Personally, I always thought it was called that because someone in those initial meetings to organise the thing loved unicorns, and they were making fun of his Boston accent with UniCon.  I could never prove it, and I'm sure no one in that original group of friends would ever admit to it, but I stand by my beliefs, as crazy as they may be.  My hypothesis was supported by a unicorn being the official mascot of the convention, although that could just be coincidence, or came along because of the similarity between the words.
        That first year started off small, kicking off on Memorial Day, 1985, and things grew with each passing year, not long until it had taken over the host hotel they had made arrangements with, and spreading to a nearby hotel as well.
        By the time I started attending, it had already devoured even a third hotel, although that was still in it's early stages, and only a few events were being held there, mostly for gaming.
        The attendence numbers were pretty huge, and while this was far from a comics convention, and not a place to disseminate news amongst the community, that did happen in a small amount.  UniCon was much more for the wider fandom, touching on all corners, and sometimes the comicbooks were put on the back burner over everything else.
        With so many different things going on all weekend long, there was something for everyone though, and I often had trouble paring things down to just one event at any given time, when there was so much happening.
        I enjoyed attending it just for that very reason though, having so many different things to see and do, it made the weekend never boring.  Another perk about UniCon for me is that it was probably the closest big convention to where I lived, and it was very easy for me to just drive down to this one, rather than take a plane to distant corners of the country.  And the occasional middle.  Since it was in New England, the Kraftsbury Telegraph also had some minor interest in the phenomenon of conventions, and while the stories weren't hard hitting news, they usually made space for anything I might send them in the back sections, as human interest stories, one of the few times I actually published something in words, rather than pictures.  The paper was more than willing to give me the time off to head down for the extended weekend and cover the convention, sending back anything good back over my laptop which I'd gotten just a year earlier, and thanks to the digital camera I'd also aquired after graduation.  I still preferred real film, and missed the developing process when it came to digital photographs, but I just could not deny the ease of use, the amount of photos I could take at a much reduced cost, less space, and send them on to the paper the same day I took them.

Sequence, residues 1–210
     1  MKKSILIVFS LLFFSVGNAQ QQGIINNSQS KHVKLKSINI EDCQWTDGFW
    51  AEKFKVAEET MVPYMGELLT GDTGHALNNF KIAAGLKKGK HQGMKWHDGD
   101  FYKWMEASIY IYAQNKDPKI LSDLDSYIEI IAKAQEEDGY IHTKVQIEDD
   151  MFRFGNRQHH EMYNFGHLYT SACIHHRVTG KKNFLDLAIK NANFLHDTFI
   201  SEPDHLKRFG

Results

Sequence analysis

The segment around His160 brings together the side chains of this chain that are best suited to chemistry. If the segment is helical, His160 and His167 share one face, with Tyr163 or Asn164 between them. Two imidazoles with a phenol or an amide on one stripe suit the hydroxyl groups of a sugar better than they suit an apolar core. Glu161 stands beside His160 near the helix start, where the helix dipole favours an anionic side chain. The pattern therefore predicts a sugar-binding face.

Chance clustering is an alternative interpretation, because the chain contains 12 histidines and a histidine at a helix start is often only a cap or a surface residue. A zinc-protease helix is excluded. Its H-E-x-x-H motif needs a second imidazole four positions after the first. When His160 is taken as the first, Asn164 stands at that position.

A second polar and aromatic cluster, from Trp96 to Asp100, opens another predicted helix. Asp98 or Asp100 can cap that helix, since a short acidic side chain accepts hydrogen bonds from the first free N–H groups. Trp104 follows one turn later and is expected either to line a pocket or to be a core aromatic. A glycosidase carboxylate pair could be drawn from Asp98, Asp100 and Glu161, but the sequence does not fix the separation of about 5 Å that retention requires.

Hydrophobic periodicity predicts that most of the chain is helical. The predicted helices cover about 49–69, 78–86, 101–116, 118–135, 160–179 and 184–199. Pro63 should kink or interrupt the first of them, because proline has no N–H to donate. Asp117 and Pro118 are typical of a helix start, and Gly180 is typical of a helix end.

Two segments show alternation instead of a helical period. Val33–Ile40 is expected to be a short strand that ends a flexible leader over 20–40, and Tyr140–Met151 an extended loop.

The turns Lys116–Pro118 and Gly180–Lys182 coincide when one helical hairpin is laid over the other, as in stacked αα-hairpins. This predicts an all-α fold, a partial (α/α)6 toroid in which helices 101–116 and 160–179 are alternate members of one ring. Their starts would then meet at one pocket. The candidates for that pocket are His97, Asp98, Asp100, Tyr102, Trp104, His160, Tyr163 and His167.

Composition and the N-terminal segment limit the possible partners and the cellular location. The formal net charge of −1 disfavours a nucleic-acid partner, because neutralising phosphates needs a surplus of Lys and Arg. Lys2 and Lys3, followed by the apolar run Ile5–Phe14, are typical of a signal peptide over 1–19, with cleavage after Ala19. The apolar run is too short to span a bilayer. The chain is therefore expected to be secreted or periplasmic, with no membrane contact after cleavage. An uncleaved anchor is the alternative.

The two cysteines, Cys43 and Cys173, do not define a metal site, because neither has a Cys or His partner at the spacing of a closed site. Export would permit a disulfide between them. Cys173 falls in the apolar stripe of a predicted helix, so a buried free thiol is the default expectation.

Unlike so many of the other people in attendance every year, I always went to UniCon without a costume.  Some people brought more costumes than they did clothes, sometimes changing multiple times in the course of the day, but I stuck with my 'civilian' clothes of jeans and tshirts, with comfortable sneakers for all the running around I do over the weekend.
        I wasn't exactly the most svelte person on the planet, to put it nicely, and I'll be damned if I'd be caught dead in public in spandex, even if everyone else was doing it.  As a member of the press, both online and - more importantly one could say - offline, I wanted to not completely blend in with the crowd, and be somewhat professional.  I was there to take pictures of people, not have my picture taken.  Although with all the flashes going off, that was inevitable, but mostly as a person wandering through the background.
        But mostly because it would be a truly horrifying sight to see me in spandex.